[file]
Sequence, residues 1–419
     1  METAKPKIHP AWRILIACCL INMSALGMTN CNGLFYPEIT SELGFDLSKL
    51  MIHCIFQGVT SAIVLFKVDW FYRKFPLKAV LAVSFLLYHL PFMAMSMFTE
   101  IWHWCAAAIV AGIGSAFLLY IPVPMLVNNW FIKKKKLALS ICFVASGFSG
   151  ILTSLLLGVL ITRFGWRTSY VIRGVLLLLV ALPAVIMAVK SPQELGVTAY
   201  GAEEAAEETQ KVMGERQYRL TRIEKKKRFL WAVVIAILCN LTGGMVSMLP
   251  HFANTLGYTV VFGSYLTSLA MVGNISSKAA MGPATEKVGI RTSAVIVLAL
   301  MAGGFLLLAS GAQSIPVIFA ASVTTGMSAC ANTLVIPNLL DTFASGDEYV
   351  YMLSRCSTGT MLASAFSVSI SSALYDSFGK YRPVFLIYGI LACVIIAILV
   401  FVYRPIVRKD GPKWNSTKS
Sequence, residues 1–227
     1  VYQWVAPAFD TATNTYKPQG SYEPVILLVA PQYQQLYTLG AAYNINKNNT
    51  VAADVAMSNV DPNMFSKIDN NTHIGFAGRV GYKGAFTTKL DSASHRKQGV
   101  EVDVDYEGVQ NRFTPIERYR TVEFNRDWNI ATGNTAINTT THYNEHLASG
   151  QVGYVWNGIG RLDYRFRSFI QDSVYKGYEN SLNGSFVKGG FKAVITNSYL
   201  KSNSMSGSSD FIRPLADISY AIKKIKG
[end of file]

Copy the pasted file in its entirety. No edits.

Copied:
Sequence, residues 1–419
     1  METAKPKIHP AWRILIACCL INMSALGMTN CNGLFYPEIT SELGFDLSKL
    51  MIHCIFQGVT SAIVLFKVDW FYRKFPLKAV LAVSFLLYHL PFMAMSMFTE
   101  IWHWCAAAIV AGIGSAFLLY IPVPMLVNNW FIKKKKLALS ICFVASGFSG
   151  ILTSLLLGVL ITRFGWRTSY VIRGVLLLLV ALPAVIMAVK SPQELGVTAY
   201  GAEEAAEETQ KVMGERQYRL TRIEKKKRFL WAVVIAILCN LTGGMVSMLP
   251  HFANTLGYTV VFGSYLTSLA MVGNISSKAA MGPATEKVGI RTSAVIVLAL
   301  MAGGFLLLAS GAQSIPVIFA ASVTTGMSAC ANTLVIPNLL DTFASGDEYV
   351  YMLSRCSTGT MLASAFSVSI SSALYDSFGK YRPVFLIYGI LACVIIAILV
   401  FVYRPIVRKD GPKWNSTKS
Sequence, residues 1–227
     1  VYQWVAPAFD TATNTYKPQG SYEPVILLVA PQYQQLYTLG AAYNINKNNT
    51  VAADVAMSNV DPNMFSKIDN NTHIGFAGRV GYKGAFTTKL DSASHRKQGV
   101  EVDVDYEGVQ NRFTPIERYR TVEFNRDWNI ATGNTAINTT THYNEHLASG
   151  QVGYVWNGIG RLDYRFRSFI QDSVYKGYEN SLNGSFVKGG FKAVITNSYL
   201  KSNSMSGSSD FIRPLADISY AIKKIKG